Judge me by my size, do you?
Judging others. We all know we're not supposed to do it. I try, with varying degrees of success, not to judge other people; but have you ever gone a week without passing a judgement? It's tricky! So, imagine my delight when twice in the past year I have been asked to judge other people, on purpose, and in public! Woo-hoo, I thought - this is going to be FUN!
My first foray into the world of judging was delicious, literally. I was at a church-sponsored blueberry festival in Blue Hill, ME. This setting was as quaint as you are picturing. Kids frolicking in a bounce house, blueberry crafts, blueberry smoothies, blueberry muffins, music, sunshine...and of course, a contest for "Best Blueberry Pie." But there was a big problem. The committee was short a person to judge the pies. They had already asked several people, all of whom had politely declined. This is a very small town. People are serious about their alliances, and about their blueberry pie. No one wanted to get caught up in that kind of trouble. However, being "from away," I was targeted and eagerly agreed to participate.
I sat down with my co-judge and winked conspiratorially. This was just for fun, right? How hard could it be? We eat some pie, and pick the one we like the best. Not quite. My co-judge leaned in and said, "this is how I do it," and he pulled out a spreadsheet of sorts. It was a small scrap of paper with a numeric rubric, and I got a quick lesson in how to dissect and judge the proper pie: Crust - dense or flaky? Filling - runny or firm? Taste - nutmeg or citrus? I started to shift in my seat. Oh, we're taking this seriously? You betcha. A small crowd formed as we took careful, small bites of several pieces of pie. We ate, we rated, we revised, we re-tasted. Since each one was delicious, how could I ever choose? But slowly, with the rubric to guide us, a winner rose to the top. I took several more bites, (you know, just to be fair. I wanted to be completely sure of my vote, after all).
I came away unscathed from that experience, and was even thanked for taking my time and judging so thoroughly. To that, I flashed a blue smile and piped, "anytime!"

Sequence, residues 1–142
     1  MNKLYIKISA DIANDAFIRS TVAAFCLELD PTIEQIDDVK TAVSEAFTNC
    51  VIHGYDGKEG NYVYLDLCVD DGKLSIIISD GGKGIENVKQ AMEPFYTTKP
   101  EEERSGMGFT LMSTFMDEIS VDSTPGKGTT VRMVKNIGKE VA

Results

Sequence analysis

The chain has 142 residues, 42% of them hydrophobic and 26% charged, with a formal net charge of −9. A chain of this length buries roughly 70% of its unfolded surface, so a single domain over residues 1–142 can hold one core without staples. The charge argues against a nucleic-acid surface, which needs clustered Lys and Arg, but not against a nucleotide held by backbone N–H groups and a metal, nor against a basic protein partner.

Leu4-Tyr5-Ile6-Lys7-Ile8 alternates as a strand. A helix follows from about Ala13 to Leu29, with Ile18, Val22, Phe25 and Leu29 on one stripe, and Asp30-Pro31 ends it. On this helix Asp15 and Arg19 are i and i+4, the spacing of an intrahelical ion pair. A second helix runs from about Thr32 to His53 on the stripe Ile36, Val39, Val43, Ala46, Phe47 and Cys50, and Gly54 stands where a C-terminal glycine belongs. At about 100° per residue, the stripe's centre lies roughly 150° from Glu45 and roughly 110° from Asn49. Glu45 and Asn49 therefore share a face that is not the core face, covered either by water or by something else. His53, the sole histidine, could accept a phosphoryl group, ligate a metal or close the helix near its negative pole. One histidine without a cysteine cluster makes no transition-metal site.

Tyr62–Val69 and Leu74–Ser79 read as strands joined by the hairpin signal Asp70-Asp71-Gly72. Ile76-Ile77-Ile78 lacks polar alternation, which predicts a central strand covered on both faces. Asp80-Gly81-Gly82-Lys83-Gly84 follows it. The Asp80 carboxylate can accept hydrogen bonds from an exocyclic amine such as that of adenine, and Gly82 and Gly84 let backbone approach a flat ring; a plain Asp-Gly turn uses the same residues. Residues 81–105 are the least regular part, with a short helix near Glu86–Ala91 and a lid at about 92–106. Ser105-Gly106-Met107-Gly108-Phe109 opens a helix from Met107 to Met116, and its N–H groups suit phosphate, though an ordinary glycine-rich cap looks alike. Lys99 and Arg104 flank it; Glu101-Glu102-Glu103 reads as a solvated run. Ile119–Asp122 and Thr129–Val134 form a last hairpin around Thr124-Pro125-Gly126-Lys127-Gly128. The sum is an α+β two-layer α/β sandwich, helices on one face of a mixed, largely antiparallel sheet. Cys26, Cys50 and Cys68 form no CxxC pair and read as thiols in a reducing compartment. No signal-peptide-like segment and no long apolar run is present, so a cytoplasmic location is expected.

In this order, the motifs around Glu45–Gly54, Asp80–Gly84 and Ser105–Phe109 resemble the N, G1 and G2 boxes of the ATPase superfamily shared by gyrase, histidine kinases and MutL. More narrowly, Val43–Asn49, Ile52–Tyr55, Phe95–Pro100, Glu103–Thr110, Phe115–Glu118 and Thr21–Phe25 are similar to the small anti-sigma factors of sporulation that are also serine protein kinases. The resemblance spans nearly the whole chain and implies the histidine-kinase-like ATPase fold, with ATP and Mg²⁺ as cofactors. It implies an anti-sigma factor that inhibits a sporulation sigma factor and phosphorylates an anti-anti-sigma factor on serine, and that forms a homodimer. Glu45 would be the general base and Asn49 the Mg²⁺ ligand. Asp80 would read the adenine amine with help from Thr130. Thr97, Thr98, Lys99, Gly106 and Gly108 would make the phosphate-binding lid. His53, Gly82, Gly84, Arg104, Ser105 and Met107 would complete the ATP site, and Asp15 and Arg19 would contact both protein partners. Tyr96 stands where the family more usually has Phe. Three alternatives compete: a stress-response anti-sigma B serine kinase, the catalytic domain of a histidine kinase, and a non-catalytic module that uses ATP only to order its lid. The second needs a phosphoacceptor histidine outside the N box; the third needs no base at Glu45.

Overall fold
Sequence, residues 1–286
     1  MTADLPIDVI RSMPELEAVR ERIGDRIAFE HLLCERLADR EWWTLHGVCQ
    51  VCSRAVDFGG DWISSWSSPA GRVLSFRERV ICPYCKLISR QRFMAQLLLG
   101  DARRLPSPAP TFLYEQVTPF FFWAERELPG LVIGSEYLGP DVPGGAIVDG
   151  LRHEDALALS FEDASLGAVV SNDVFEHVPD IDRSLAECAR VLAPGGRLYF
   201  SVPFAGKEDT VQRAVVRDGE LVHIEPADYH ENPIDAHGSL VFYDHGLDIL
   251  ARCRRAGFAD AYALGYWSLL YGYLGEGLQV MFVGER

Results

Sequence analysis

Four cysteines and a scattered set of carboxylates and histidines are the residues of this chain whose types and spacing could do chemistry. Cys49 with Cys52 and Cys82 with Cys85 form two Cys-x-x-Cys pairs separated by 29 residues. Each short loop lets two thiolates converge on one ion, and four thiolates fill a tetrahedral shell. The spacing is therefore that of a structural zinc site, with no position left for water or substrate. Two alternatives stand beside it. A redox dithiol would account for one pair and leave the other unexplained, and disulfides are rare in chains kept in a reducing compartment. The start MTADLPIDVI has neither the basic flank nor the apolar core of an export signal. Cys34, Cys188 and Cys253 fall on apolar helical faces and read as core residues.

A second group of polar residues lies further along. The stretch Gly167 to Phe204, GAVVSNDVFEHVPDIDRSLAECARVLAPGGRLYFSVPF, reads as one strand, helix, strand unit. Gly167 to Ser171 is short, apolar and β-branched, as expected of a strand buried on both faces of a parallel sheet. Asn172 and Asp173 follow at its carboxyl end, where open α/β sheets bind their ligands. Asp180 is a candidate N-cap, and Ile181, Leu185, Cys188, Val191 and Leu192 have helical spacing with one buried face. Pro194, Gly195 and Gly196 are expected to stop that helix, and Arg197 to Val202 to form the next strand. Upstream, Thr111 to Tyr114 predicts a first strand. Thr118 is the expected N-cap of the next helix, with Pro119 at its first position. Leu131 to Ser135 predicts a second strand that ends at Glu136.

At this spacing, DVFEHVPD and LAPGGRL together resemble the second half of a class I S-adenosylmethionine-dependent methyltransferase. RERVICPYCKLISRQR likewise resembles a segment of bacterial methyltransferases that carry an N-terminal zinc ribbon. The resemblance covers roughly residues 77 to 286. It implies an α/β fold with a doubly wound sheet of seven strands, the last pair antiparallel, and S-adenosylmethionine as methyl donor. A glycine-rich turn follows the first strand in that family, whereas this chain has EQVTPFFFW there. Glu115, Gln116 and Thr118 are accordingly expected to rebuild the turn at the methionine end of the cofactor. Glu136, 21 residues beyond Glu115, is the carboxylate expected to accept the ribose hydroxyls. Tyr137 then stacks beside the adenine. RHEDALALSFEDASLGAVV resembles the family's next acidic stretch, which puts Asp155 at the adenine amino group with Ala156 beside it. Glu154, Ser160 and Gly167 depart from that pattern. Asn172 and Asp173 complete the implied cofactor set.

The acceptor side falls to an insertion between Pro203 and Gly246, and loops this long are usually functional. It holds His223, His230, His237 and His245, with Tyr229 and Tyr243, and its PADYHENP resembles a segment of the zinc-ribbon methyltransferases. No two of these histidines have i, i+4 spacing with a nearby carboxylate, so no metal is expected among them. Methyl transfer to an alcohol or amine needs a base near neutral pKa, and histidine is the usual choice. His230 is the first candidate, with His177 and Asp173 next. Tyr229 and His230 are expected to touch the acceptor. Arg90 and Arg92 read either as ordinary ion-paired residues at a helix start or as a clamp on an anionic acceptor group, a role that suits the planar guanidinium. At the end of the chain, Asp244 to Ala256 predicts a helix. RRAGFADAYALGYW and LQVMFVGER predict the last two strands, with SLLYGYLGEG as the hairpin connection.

The winner of that pie contest walked away with bragging rights and a small ribbon, I recall. But what about when there is money involved? My second experience with being a judge is happening right now. In the small(ish) town of Windsor, CT, there is a long-standing tradition called the Shad Derby. What started as a fishing derby has grown into a months-long celebration, culminating in a parade and festival, and a coronation ball, where the "Shad Derby Queen" is named. (I'm not making this up).
Girls age 18-21 can compete for the coveted title, and accompanying scholarship money. When a good friend asked if I would participate as a judge, I willingly agreed. I knew there wouldn't be pie, but I'm always up for something new. Why not? I thought.
The first event was a very nice gala, with a cocktail hour followed by a program where each young woman competing gave a one minute introductory speech. The other three judges and myself sat at a panel-style table facing them. "Like American Idol?" asked my daughter the next morning. Yes, like that, but without the singing. I was in awe of the poise of these young women as they took turns at the microphone, and realized with dread that judging people is nothing like judging pie. This was going to be really hard.
Things only got worse for me during the "interview night" where the young women again faced the panel of four judges, one at a time, to answer questions. The more I got to know each person, the harder it was for me to judge them. They are all darling, all active in their community, all stars in their respective school sports and activities. All have good hearts and big, bright smiles. I'm sure to some of them, the accompanying scholarship money would make a big impact on their plans for college. Judge them? How??
Luckily, as with the blueberry pie, there is a scoring rubric. As judges, at each event, we've entered numbers relating to various aspects of the candidate's performances as diligently as we could. I'm told that somehow, when all the scores are tallied, it will all work out. The right person will be named Shad Derby Queen, and her court of Princess Royale, First Princess, and Second Princess will be rightly named in turn. I do not know who will "rise to the top", but two things I do know for sure:
1) She will be deserving, because in my mind, I think all of these bright young women are.
2) I am so glad my 18-year-old self isn't competing against them!
What is amazing to me is how hard it has been to be an official judge, when it is equally difficult for me to not judge people in my everyday life. This experience has taught me a valuable lesson: even when you look down under the bottom crust, most pies, and people, are good and deserving of love.